3.) What is your biggest source of frustration with the whole writing process, and do you have tips for other writers to overcome it?
Biggest source of frustration for me, being a stay-at-home mom of three, is getting time to have a coherent thought, let alone write! Can’t help others with that much, I’m afraid. I have read that many have problems with writer’s block. I don’t; because I generally have around 30 (not a typo) projects going simultaneously. If one’s not working, I just switch to another. It keeps those mind wheels going.
4.) If you could have dinner with any author in history, who would it be, why, and what would you hope to take away from the experience?
Oh gosh, another difficult choice! I’m going to go with non-fiction writer Margaret Visser. Her anthropological or sociological or what-have-you works on the origins and history of everyday items/rituals are brilliantly absorbing. Every paragraph holds so much information. The woman wrote a whole book on why we say thank you! And it was fascinating!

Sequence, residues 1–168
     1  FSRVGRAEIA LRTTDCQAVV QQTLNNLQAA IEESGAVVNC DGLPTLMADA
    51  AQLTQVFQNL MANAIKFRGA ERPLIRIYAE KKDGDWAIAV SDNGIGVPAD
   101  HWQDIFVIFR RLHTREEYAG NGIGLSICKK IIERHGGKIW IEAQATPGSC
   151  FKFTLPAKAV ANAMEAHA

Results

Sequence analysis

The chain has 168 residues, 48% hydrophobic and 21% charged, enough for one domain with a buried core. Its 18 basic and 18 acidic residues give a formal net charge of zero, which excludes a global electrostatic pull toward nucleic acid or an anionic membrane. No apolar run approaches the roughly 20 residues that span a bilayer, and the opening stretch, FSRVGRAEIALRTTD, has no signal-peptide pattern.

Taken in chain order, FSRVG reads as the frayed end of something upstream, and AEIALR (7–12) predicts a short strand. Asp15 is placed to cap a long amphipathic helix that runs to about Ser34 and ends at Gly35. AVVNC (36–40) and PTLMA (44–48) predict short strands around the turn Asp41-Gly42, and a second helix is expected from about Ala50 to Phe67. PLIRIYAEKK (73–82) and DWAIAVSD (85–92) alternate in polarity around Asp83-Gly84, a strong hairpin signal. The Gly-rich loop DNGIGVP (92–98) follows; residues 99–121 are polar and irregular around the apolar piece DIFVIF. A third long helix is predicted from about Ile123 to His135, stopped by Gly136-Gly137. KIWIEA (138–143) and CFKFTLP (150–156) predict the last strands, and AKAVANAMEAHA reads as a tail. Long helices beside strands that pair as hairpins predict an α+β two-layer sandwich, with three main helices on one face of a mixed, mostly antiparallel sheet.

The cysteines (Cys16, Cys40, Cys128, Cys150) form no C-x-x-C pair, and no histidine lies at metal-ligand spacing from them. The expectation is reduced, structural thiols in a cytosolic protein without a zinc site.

5.) What’s a little-known fact about you? Explain or elaborate. (Special talents, non-writing hobbies, etc.)
How about my story of rubbing elbows with fame? I have a degree in film- not unusual or even unknown in itself, and I didn’t use it for much. But I did get to intern, right out of college, for one weekend on the filming of a children’s video. It starred a very young pre-known Mandy Moore (didn’t meet her, they filmed her scenes before I got there), and Butch Patrick of The Munsters fame. Lovely man, very professional, said the basement where we were working was “just like Grandpa’s” lab or shop or whatever (I haven’t really watched the show). Also, Luke Halprin (of the show Flipper) was the cinematographer. I was too shy at the time to talk to either of them, but at least I have a story to tell!
Thank you so much for stopping in for Week F! Gee, I sure hope to see you next week!